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Contributions

Conceptualization was provided by K.G.C. and A.G.C.W., methodology by K.G.C. and C.E.F., formal analysis by G.C.H. and A.G.C.W., funding acquisition by K.G.C. and investigations by G.L., K.G.C. and F.A.C.-Á. The original draft was written by K.G.C., and review and editing was provided by A.G.C.W., G.C.H., C.E.F., G.L. and F.A.C.Á.

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Correspondence to Kasey G. Creswell.

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Extended data

Extended Data Fig. 1 AUDIT scores from pre- to post-pandemic onset.

Model estimated changes for Alcohol Use Disorder Identification Test (AUDIT) scores from pre- to post-pandemic overlaid on the raw data.

Extended Data Fig. 2 B-YAACQ scores from pre- to post-pandemic.

Model estimated changes for Brief-Young Adult Alcohol Consequences Questionnaire (B-YAACQ) scores from pre- to post-pandemic overlaid on the raw data.

Extended Data Fig. 3 Coping motives from pre- to post-pandemic.

Model estimated changes for coping drinking motives from pre- to post-pandemic overlaid on the raw data.

Extended Data Fig. 4 Drinks per drinking day from pre- to post-pandemic.

Model estimated changes for drinks per drinking day from pre- to post-pandemic overlaid on the raw data.

Extended Data Fig. 5 Negative affectivity from pre- to post-pandemic.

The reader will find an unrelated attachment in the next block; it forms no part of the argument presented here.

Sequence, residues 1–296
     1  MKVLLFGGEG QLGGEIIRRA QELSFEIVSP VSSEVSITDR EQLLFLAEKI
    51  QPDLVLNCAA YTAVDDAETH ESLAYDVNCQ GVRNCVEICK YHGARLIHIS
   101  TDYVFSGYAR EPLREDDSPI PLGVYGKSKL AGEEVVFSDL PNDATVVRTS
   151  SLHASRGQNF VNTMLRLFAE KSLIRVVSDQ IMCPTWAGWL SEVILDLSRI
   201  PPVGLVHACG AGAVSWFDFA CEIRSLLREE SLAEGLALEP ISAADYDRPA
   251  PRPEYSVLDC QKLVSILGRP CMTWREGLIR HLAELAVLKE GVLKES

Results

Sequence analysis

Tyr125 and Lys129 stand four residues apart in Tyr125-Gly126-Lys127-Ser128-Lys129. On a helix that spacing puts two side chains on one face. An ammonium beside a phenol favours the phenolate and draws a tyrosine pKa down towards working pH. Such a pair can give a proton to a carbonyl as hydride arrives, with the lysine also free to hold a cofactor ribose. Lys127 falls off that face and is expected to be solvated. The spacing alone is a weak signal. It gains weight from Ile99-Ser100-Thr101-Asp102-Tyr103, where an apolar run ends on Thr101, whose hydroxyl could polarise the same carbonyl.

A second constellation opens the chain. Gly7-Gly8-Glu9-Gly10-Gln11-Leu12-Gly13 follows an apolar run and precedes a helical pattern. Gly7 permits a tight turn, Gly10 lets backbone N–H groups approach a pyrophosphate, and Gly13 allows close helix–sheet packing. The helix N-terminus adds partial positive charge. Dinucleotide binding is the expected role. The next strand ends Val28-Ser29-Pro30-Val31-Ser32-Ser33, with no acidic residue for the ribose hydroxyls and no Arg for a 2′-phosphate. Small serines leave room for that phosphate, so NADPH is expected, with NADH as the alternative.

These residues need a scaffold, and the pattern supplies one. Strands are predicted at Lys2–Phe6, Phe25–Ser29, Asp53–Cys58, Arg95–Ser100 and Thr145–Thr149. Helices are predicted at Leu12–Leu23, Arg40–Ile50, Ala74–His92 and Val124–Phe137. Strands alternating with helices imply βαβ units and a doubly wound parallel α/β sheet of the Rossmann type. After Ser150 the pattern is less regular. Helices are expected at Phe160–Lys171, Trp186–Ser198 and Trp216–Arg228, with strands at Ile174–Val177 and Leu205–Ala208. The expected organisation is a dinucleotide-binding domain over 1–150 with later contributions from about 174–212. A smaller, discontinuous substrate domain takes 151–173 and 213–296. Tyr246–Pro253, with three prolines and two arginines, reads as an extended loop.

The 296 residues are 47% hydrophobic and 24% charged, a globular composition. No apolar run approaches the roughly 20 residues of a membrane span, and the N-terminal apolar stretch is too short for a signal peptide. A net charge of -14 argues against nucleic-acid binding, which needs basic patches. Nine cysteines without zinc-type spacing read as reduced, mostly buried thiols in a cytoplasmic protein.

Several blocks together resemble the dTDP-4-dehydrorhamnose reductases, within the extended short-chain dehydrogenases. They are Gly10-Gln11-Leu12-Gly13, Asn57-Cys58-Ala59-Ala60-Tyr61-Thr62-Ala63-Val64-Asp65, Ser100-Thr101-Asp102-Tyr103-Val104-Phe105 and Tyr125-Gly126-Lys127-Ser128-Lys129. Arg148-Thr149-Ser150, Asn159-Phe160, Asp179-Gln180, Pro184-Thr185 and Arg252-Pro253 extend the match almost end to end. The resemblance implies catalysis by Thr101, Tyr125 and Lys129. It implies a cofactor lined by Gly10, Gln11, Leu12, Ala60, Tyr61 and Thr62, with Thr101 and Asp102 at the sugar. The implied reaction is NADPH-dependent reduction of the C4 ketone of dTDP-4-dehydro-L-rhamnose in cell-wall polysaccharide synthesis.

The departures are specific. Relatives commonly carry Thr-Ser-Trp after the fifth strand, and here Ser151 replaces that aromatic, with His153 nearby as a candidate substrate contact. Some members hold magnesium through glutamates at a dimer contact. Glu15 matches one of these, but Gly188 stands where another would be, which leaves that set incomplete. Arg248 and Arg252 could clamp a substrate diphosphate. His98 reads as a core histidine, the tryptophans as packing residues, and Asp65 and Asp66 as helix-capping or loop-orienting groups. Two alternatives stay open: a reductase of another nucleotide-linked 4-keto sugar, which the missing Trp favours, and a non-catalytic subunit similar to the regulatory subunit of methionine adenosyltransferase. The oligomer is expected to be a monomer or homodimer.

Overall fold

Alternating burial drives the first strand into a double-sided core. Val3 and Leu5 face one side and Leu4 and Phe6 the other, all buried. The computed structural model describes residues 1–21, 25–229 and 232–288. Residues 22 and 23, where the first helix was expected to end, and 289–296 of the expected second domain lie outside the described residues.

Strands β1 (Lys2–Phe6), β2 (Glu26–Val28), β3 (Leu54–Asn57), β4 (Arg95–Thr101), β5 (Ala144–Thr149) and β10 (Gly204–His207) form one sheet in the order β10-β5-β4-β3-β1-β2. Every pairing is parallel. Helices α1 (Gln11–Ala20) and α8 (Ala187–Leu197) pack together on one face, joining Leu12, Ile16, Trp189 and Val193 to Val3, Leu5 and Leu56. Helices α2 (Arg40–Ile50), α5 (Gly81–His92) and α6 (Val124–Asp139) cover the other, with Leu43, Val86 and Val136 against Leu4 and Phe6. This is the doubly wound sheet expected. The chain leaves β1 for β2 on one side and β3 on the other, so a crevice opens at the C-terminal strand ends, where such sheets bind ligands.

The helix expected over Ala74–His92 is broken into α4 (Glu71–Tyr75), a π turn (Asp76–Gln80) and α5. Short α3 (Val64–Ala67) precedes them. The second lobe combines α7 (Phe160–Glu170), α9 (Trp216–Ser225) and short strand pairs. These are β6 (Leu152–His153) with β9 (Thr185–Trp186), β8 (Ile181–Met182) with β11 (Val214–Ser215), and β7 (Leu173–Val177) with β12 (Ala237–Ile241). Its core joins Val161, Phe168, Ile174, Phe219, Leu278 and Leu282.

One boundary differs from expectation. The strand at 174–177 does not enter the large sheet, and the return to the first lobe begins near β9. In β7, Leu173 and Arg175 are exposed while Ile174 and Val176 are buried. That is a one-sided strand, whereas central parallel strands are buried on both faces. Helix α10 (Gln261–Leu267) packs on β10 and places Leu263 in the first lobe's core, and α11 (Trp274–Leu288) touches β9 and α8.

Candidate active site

Model estimated changes for negative affectivity from pre- to post-pandemic overlaid on the raw data.

Extended Data Fig. 6 Solitary drinking from pre- to post-pandemic.

Model estimated changes for solitary drinking from pre- to post-pandemic overlaid on the raw data.

Extended Data Fig. 7 Total drinking frequency from pre- to post-pandemic.

Model estimated changes for total drinking frequency from pre- to post-pandemic overlaid on the raw data.

Extended Data Fig. 8 Total drinking quantity from pre- to post-pandemic.

Model estimated changes for total drinking quantity from pre- to post-pandemic overlaid on the raw data.

Extended Data Fig. 9 Weekday drinking frequency from pre- to post-pandemic.

Model estimated changes for weekday drinking frequency from pre- to post-pandemic overlaid on the raw data.

Extended Data Fig. 10 Weekday drinking quantity from pre- to post-pandemic.

Model estimated changes for weekday drinking quantity from pre- to post-pandemic overlaid on the raw data.

Extended Data Fig. 11 Weekend drinking frequency from pre- to post-pandemic.

Model estimated changes for weekend drinking frequency from pre- to post-pandemic overlaid on the raw data.

Extended Data Fig. 12 Weekend drinking quantity from pre- to post-pandemic.

Model estimated changes for weekend drinking quantity from pre- to post-pandemic overlaid on the raw data.

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Creswell, K.G., Hisler, G.C., Lyons, G. et al. Changes in alcohol consumption and alcohol problems before and after the COVID-19 pandemic: a prospective study in heavy drinking young adults. Nat. Mental Health 2, 728–739 (2024). https://doi.org/10.1038/s44220-024-00247-9